Gold vs. Salmon: An Alaska Mine Project Just Got a Boost

Gold vs. Salmon: An Alaska Mine Project Just Got a Boost

SOURCE: New York Times DATE: July 24, 2020 SNIP: From the air it looks like just another tract of Alaska’s endless, roadless tundra, pockmarked with lakes and ponds, with a scattering of some of the state’s craggy mountains. But this swath of land, home to foraging bears and spawning salmon about 200 miles southwest of Anchorage, has been a battleground for years. From the air it looks like just another tract of Alaska’s endless, roadless tundra, pockmarked with lakes and ponds, with a scattering of some of the state’s craggy mountains. But this swath of land, home to foraging bears and spawning salmon about 200 miles southwest of Anchorage, has been a battleground for years. [O]pposition [to the Pebble Mine] has long been widespread, both in the region and statewide, with concerns about environmental damage and the potential for harming another critical resource: salmon. The fish is the main traditional subsistence food for many of the Native Alaskans in the region and the basis of both a thriving sport-fishing industry and, in nearby Bristol Bay, one of the largest commercial wild salmon fisheries in the world. The mine will be located in two watersheds that feed fish-spawning rivers. Opponents say tailings left from the mining operation pose risks if heavy metals or other contaminants from them leach into groundwater or if dams holding back the tailings fail in an earthquake. The deposit was discovered in the late 1980s, and planning for a mine began in earnest about 15 years ago. It drew opposition from leaders in both parties from the start, as battle lines between mining and fishing were...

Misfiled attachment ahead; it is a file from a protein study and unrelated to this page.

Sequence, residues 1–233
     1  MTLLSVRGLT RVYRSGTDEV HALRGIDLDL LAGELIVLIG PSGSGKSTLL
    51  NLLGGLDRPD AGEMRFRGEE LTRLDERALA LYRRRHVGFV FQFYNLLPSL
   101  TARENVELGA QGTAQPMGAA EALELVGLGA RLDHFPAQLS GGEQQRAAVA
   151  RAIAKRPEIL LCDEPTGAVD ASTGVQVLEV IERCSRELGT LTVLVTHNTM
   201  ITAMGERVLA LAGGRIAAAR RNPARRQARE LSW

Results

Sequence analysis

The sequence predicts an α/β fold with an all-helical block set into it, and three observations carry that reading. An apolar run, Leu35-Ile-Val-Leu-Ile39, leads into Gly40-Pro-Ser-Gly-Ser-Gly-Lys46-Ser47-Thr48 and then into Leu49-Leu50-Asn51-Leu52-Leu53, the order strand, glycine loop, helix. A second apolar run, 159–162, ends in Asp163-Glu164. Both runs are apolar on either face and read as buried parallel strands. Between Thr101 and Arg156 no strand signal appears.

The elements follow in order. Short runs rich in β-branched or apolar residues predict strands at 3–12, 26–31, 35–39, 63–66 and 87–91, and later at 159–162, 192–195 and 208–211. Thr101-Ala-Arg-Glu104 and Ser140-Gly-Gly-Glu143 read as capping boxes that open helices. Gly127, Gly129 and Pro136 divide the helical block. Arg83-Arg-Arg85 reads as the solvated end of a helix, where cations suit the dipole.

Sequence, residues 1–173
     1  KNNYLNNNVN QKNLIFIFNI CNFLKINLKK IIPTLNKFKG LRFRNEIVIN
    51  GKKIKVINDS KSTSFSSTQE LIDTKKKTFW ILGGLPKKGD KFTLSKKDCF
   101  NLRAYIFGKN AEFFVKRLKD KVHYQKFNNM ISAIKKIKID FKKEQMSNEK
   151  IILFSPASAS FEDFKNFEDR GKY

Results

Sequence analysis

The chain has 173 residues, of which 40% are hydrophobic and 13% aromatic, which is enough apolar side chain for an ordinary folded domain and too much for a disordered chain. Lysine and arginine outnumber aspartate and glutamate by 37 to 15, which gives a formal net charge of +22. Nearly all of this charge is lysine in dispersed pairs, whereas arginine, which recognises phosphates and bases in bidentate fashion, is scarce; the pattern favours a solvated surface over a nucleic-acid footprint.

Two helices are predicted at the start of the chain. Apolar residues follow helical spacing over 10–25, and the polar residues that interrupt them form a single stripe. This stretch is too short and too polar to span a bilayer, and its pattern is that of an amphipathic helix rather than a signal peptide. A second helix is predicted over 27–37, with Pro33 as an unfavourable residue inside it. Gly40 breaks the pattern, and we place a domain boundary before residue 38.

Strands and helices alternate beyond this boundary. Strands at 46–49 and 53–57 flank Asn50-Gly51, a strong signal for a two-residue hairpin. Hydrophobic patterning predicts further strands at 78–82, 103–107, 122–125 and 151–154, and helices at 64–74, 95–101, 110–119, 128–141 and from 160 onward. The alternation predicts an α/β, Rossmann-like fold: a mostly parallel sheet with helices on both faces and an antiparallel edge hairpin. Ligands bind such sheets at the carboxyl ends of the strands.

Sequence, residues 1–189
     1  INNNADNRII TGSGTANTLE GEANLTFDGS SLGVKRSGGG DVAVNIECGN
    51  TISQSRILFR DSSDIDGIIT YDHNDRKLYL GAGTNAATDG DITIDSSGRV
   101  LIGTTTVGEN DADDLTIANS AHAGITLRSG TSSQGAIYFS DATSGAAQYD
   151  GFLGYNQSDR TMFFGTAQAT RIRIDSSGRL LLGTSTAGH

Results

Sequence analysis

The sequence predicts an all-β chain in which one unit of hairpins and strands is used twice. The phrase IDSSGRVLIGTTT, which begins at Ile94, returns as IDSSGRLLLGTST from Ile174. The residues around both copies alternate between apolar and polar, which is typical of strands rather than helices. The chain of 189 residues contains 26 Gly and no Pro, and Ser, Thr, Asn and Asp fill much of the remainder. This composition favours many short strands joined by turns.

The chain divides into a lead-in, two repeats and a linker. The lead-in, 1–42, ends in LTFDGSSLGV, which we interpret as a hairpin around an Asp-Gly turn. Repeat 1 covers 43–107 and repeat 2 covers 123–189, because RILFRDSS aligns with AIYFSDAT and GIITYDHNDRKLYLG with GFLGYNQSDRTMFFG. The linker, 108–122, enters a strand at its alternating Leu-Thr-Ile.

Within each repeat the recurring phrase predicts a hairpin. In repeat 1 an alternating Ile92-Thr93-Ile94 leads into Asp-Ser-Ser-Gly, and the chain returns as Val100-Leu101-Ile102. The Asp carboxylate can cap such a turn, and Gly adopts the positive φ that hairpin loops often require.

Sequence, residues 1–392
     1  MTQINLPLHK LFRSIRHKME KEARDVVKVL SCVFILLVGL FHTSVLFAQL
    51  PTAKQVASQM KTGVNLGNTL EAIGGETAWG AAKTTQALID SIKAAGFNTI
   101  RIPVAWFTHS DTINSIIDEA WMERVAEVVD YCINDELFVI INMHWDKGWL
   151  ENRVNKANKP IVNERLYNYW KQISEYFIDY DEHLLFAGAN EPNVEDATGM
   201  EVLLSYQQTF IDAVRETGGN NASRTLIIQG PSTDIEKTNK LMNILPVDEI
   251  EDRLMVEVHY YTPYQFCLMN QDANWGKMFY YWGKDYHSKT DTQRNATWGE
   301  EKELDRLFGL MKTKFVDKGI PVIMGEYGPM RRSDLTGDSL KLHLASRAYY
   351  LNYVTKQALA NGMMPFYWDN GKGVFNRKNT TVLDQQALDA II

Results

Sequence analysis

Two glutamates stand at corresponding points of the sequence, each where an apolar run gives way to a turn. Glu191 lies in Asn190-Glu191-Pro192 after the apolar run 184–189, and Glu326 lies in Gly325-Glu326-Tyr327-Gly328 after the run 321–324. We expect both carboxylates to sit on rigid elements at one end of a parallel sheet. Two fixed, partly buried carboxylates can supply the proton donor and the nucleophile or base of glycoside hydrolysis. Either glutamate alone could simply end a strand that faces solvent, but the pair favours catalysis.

Green-Energy Companies Have a Human-Rights Problem

Green-Energy Companies Have a Human-Rights Problem

SOURCE: Bloomberg News DATE: July 4, 2020 SNIP: Land seizures. Dangerous working conditions. Mistreatment of native populations. For decades, such practices were associated in the public mind with the oil and gas industries. That perception in turn undermined confidence in fossil fuels and, as climate change worsened, helped set the stage for a widespread boom in the renewable-energy business. Now that business is itself under scrutiny — and for some of the same practices. According to a new report, at least 197 allegations of human-rights abuses have been leveled against renewable-energy projects in recent years, including land-grabs, dangerous working conditions and even killings. Meanwhile, many of the world’s largest publicly held solar and wind companies are failing to meet widely accepted human-rights benchmarks. The report comes from the Business & Human Rights Resource Centre, a London-based group that promotes human rights in the corporate world and which has been scrutinizing the renewables business for several years. In 2019, the group documented 47 attacks, ranging from frivolous lawsuits to violence, on individuals who raised concerns about human-rights abuses in the industry. That ranked fourth, behind only mining (143 attacks), agribusiness (85) and waste disposal (51). That’s hardly the kind of company that most renewables executives want to keep, and the report offers some insight into what’s gone wrong. The group evaluated 16 of the world’s biggest public renewables companies against standards including the UN Guiding Principles on Business and Human Rights, as well as against several criteria that the group developed specific to the green-energy industry. The results were not good. None of the companies had policies to “to respect...
Indonesian miners eyeing EV nickel boom seek to dump waste into the sea

Indonesian miners eyeing EV nickel boom seek to dump waste into the sea